This has been a fascinating couple of weeks in the world of Civil War memory. After removing the Liberty Place monument on April 24 the city of New Orleans removed three additional monuments to Jefferson Davis (May 11) and P.G.T. Beauregard (May 16-17). Yesterday Robert E. Lee was removed from high atop his perch in full daylight.
It’s too early to assess its significance in terms of its impact on debates in other communities across the country, but what we can say is that we have witnessed the serious crack in the Lost Cause and the most dramatic change to a major city’s Civil War commemorative landscape to date. Yesterday to mark the Lee Monument’s removal the Atlantic published my essay on why this particular monument is the most important. In short, compared to the other three Lee is a national icon, which makes his fall from grace the loudest.
Again, it is too early to tell what the impact may be, but in a piece I published in Smithsonian magazine on Thursday, I offer some reasons why Richmond, Virginia may dodge the kinds of sustained calls for removal heard in other cities. We shall see.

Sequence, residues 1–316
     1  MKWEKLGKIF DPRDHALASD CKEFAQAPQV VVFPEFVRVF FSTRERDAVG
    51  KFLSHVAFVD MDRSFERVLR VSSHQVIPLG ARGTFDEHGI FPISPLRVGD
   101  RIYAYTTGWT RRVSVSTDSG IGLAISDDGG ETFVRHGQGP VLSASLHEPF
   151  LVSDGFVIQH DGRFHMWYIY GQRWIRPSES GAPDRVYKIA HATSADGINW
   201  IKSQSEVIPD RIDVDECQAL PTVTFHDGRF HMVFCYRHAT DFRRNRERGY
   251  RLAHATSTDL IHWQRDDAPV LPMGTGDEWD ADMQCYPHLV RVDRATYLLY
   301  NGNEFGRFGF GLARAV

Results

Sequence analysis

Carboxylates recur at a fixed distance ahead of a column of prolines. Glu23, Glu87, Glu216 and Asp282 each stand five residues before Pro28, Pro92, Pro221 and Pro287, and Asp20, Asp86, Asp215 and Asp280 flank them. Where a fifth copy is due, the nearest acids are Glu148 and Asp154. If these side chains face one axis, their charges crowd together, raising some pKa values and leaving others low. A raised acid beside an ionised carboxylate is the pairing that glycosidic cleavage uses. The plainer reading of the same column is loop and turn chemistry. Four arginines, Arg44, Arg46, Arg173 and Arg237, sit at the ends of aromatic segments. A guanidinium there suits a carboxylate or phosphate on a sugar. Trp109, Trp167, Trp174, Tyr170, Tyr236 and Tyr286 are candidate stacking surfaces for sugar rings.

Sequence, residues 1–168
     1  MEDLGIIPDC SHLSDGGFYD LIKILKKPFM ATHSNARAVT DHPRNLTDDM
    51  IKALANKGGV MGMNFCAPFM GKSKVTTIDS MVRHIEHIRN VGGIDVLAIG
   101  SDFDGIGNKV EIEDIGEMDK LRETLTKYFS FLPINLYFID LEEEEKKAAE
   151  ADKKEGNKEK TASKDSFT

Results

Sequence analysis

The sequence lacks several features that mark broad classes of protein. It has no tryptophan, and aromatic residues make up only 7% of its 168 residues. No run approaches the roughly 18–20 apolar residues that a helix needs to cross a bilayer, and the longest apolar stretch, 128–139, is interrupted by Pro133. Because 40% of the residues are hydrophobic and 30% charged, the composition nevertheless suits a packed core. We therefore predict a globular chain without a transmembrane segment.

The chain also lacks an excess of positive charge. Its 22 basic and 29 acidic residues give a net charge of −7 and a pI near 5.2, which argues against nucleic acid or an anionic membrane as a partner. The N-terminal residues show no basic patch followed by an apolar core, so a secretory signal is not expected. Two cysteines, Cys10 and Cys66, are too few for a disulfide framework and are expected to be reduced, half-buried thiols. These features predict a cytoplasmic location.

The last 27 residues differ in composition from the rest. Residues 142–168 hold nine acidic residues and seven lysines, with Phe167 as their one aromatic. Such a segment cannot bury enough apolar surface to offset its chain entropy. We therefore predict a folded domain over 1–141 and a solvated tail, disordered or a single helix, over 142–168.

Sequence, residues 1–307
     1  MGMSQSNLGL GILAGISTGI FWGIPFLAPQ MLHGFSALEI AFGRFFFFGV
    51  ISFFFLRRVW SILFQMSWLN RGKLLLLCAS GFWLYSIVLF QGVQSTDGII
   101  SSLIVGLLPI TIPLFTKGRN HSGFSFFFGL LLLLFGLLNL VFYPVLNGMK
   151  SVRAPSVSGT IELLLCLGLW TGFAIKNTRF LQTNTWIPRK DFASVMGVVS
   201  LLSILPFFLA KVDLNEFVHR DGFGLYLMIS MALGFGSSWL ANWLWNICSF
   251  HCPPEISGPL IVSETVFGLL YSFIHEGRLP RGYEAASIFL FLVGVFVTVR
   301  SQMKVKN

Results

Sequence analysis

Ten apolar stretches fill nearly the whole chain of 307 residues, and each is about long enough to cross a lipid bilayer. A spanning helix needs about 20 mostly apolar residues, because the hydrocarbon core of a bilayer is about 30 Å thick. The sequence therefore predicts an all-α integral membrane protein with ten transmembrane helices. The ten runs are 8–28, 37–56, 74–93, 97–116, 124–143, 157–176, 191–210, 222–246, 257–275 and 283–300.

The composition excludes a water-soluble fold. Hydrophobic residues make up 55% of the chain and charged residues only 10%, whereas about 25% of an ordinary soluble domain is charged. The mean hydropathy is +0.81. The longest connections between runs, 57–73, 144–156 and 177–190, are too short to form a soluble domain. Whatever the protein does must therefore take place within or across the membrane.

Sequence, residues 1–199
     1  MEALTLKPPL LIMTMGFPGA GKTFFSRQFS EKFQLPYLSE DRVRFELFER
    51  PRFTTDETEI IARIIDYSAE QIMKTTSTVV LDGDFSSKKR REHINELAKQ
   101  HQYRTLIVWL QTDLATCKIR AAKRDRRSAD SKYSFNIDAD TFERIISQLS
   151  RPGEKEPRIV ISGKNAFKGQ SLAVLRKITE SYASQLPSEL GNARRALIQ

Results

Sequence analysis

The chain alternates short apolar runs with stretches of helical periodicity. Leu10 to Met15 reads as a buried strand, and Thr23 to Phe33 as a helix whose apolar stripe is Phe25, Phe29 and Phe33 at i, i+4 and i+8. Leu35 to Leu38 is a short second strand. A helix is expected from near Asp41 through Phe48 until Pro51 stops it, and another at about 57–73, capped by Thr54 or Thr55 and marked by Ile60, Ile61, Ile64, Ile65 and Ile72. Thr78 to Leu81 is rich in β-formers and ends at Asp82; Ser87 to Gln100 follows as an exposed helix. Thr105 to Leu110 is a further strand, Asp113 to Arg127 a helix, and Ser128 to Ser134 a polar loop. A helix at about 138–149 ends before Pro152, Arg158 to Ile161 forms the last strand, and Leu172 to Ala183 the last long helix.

One final comment. Just to clarify, I am not an activist for the removal of Confederate or any other monuments. I have spoken passionately about Confederate monuments and their connections to white supremacy and Jim Crow and I will continue to do so, but I firmly believe that these decisions ought to be made by each community. After all, it was communities that chose to erect them.
That said, my thinking on this issue has evolved since the summer of 2015 and I have used this blog to explore my ideas as well as those of others. We are in uncharted territory and the subject deserves serious thought and even a willingness to take risks. I’ve done my best to add my voice and hopefully help others sift through their own ideas. As an educator that is all I can hope for.